Posted by Abe Sauer on November 8, 2013 12:22 PM
China is the second largest economy in the world and every significant brand's future is impacted by its growth (or collapse)—but who's got the time?! Here's the week's reads that will make you look like a keen China observer in case you find yourself immersed in a cultural conversation.
This week: Cadillac finds success with Pitt... VW hopes for Xu hit, too... Online shoppers… the dirty business of infant formula... shark fin soup is out… iPad Air sells out… the American behind the baijiu mojito… kindergarten costs… Bitcoin busted… Jackie Chan farce… a supposedly fun thing the Chinese are going to do again and again and again... and more.Continue reading...
Posted by Sheila Shayon on November 7, 2013 11:53 AM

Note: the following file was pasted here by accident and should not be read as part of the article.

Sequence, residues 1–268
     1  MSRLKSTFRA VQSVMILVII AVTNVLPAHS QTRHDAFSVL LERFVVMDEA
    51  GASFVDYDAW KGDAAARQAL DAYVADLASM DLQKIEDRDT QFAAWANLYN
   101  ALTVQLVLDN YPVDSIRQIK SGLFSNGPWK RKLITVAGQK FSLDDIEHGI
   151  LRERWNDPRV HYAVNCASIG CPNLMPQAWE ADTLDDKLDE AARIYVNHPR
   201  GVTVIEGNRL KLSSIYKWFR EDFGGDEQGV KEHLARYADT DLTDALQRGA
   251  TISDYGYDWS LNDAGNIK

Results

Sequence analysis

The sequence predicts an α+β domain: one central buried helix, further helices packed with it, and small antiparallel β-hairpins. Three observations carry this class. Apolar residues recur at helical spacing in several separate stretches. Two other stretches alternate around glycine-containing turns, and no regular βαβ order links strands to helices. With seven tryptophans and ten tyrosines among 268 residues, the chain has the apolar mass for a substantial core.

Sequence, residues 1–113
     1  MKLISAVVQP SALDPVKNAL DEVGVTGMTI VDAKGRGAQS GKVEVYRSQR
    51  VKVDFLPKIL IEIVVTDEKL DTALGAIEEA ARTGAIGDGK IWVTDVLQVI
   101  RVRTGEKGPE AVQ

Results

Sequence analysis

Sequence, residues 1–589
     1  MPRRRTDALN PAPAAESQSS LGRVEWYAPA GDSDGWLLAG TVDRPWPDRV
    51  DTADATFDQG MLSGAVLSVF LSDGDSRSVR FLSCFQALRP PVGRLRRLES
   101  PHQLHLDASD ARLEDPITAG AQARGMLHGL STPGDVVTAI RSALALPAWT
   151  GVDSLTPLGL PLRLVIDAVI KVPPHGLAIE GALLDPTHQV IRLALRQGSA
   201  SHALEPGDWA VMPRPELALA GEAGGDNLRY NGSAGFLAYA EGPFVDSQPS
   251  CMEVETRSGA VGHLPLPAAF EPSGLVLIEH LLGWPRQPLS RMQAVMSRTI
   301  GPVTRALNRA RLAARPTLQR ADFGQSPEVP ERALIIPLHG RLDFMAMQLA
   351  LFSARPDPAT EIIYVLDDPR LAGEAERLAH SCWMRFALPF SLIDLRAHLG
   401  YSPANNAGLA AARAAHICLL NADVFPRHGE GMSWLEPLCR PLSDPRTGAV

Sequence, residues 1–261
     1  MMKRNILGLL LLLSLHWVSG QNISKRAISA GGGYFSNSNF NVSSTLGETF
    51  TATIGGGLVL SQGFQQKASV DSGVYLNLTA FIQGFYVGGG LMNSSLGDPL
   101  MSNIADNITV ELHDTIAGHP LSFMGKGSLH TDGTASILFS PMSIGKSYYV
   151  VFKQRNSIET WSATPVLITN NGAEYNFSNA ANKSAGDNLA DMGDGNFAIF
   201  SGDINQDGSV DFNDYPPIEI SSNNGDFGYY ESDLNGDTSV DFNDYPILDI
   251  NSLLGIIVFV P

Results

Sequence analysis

The omniscience of mobile devices has Macy’s adding visual recognition technology to its already robust mobile initiatives to help customers find and buy merchandise more easily and quickly.
“Retail has become a blur. And the blurring is 100 percent driven by technology,” commented Tige Savage, a partner at VC firm Revolution. “Are you at the store? Or is the store at you? And then there’s mobile, the store is in your pocket. The game is to satisfy demand wherever and whenever it is.”
Cutting through the e-tail clutter and focused on the next iteration of ‘gifting on the go,’ Macy’s Star Gifts app lets consumers scan a catalog, magazine ad or outdoor billboard for product information, tips and instant purchasing power.
"Visual recognition technology is the next evolution of our mobile strategy,” said Martine Reardon, Macy's CMO. "This new application of technology will assist us in delivering helpful and relevant content to mobile shoppers while at the same time providing them with the opportunity to get their holiday shopping done with ease."Continue reading...